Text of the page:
25 comments:

  1. Ha haaa!! Read this with freakish amount of interest as a recent acquirer of a septic tank. You are obviously really enjoying yourself here. Have to say there is something rather satisfying about banishing a blockage... I'm always the first out with the old plunger. So glad you got to them bottom of it in the end.

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  2. Read this with freakish interest as owner of a septic tank that I know nothing about. I will try to believe you that investigating these things is lots of fun.

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  3. What is not so much fun is to have the tank drained then get down inside it and jet water up the pipes to unblock it - I've watched this being done when we were in a rental house by a man with a tanker - he was being paid to do it but he didn't look very amused getting covered in ****. We thought it was brilliant though! :-)

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  4. Been there, done that! Oh I'm so glad I'm on main drainage now :)Great blog though!

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    1. Thanks Colly. Of course mains is no guarantee that you won't still get a blockage though! ;-)

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  5. It seems we both have things going wrong with our dwellings. Though, yours seems to be solved..I have to wait on my landloard, ahh the joys of renting..not. haha I've never had to deal with a septic tank but I like knowing how things work so I can understand why it was a little fun for you despite the knowledge of what you're dealing with =P

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    1. This was about April last year Polly! I've rented most of my adult life so know the fun (not!) of waiting on landlords when things go wrong.... I hope your leak gets fixed asap.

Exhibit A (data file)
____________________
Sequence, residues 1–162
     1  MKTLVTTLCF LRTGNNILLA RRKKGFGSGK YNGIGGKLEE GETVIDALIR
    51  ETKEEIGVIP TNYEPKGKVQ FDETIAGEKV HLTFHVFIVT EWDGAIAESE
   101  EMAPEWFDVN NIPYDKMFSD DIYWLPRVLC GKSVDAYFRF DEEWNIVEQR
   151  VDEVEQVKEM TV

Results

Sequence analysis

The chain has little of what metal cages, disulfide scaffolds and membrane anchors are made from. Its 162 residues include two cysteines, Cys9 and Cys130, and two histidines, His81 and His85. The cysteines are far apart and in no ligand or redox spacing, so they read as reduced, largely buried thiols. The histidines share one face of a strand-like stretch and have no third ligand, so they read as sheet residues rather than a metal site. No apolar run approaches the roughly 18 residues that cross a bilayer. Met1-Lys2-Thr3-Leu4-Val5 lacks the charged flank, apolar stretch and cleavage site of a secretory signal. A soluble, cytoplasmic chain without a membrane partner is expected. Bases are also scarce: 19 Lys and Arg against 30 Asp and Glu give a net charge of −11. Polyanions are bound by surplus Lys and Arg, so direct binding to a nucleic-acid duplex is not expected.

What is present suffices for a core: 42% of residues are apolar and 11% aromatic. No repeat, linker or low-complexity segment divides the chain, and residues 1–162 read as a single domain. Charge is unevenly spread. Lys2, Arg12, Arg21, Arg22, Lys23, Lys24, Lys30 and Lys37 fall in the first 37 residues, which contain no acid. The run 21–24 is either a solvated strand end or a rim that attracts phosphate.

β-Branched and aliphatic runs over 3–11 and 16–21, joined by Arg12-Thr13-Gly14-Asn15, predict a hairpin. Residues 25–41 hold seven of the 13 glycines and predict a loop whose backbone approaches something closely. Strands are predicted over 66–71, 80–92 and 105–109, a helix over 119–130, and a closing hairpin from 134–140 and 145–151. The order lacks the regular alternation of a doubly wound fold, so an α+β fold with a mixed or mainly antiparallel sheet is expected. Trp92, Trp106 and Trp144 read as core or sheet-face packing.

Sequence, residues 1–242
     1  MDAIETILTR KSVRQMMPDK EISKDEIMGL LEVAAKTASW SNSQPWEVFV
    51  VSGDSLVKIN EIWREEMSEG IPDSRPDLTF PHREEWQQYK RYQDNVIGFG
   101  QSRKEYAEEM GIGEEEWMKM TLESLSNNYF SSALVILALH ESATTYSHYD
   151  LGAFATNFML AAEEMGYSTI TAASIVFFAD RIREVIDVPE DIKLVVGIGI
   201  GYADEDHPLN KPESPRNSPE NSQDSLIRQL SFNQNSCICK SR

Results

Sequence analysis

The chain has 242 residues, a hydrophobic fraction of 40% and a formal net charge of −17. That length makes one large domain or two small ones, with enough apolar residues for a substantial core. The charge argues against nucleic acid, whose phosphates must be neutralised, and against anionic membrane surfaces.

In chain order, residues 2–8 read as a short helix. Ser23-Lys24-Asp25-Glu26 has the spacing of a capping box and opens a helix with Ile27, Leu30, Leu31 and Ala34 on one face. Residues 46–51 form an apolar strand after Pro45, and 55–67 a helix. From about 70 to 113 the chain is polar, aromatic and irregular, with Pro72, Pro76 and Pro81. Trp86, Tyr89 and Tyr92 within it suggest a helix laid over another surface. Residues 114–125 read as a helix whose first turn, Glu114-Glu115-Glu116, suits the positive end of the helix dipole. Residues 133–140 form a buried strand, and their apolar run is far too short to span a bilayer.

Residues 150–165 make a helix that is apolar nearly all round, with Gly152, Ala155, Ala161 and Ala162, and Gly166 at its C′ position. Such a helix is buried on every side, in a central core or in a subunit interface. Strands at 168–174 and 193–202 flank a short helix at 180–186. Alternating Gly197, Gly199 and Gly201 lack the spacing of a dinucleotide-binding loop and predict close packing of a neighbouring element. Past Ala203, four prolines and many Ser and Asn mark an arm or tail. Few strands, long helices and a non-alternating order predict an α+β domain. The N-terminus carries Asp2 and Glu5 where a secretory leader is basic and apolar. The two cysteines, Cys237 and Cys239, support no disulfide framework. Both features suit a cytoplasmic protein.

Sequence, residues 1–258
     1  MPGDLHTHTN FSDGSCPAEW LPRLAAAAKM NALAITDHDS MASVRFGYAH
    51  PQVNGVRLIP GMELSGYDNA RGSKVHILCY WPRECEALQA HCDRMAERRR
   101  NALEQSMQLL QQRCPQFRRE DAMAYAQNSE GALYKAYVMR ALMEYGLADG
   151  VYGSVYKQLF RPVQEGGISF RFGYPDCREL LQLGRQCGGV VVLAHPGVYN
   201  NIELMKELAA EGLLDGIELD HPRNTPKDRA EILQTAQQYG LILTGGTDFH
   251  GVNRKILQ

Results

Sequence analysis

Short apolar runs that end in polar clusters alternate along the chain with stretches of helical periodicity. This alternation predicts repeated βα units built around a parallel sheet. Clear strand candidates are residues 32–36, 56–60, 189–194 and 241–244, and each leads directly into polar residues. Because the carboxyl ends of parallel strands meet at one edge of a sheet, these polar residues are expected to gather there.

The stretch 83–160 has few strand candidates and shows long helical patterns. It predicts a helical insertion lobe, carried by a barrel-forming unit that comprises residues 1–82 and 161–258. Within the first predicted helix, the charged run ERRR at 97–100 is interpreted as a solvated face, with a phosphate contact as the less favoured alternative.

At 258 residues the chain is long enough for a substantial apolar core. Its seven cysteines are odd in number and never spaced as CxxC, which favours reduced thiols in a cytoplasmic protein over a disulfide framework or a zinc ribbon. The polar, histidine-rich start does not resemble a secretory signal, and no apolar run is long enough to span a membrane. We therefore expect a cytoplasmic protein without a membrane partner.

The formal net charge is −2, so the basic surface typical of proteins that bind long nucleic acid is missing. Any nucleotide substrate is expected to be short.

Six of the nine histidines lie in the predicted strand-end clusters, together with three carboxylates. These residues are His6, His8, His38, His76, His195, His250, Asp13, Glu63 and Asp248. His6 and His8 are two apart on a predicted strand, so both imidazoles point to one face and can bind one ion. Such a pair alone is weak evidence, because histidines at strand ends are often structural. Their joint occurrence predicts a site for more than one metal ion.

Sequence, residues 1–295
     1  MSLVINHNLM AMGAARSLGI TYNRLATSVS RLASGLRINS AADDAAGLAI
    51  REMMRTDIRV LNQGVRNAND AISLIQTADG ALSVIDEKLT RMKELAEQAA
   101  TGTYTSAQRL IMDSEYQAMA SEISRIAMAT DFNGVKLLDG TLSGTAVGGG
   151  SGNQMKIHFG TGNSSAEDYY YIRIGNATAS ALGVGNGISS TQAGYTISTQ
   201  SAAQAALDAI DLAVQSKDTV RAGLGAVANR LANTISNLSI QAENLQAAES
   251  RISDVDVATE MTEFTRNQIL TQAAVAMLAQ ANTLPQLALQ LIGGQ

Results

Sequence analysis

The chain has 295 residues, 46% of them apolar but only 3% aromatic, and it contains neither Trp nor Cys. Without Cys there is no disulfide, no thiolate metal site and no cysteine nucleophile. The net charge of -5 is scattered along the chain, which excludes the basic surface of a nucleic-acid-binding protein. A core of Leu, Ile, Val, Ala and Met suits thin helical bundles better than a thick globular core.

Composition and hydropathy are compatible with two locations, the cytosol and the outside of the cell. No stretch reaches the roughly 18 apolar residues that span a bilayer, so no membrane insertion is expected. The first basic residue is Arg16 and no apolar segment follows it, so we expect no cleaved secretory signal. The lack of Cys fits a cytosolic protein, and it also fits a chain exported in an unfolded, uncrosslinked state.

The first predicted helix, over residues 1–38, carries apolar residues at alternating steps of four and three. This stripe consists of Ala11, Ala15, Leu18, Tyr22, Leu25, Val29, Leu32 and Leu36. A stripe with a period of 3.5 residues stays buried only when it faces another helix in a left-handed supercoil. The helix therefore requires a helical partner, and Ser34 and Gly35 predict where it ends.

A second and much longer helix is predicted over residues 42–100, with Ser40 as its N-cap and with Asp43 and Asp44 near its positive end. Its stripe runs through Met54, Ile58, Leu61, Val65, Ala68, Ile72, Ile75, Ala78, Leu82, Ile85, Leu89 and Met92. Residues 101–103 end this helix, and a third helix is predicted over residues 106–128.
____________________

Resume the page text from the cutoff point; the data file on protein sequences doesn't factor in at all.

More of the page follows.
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  6. I always dream of living a farm a life in the countryside hence I have always wondered how septic tanks work and what the maintenance involves. To me this always seemed like the biggest problem.
    What type of regular maintenance does it need? Does using cleaning material such washing up liquid etc... affect the tank's performance in decomposing waste?

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    1. Jenson I'll reply properly to this later - needs a longer comment than just a few lines!

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    2. Right - septic tanks! We actually have an old one where only the sewage goes into the tank, then the liquid comes out and goes into a soakaway. Our grey water goes through a grease trap then into the same soakaway. The modern tanks have both sewage and grey water going into them, grey water first through a grease trap, then the water goes out through a sand or reed filter bed before what is left being released into the environment.

      The worst thing is the grease trap - I do think everyone on mains drainage should experience having a look - and smell - of one of these to realise just how disgusting what goes down the drain looks like when it has been stewing for a while - soap and grease residue are thick white lardy looking and the smell is putrid. Cleaning the grease trap is not a fun job! Even though we wipe all greasy pans before washing them so as little as possible goes down the sink.

      Re. cleaning materials - the only thing to really not use much of is bleach, because it kills the bacteria in the tank which is what is needed for decomposing the solids and keeping the tank healthy. Also if anyone has been on antibiotics it can have the same effect. For this reason it is advised to add bacterial activators to the tank regularly - here we can buy powder to flush down the loo either monthly or 6 monthly and that can withstand a bit of bleach usage.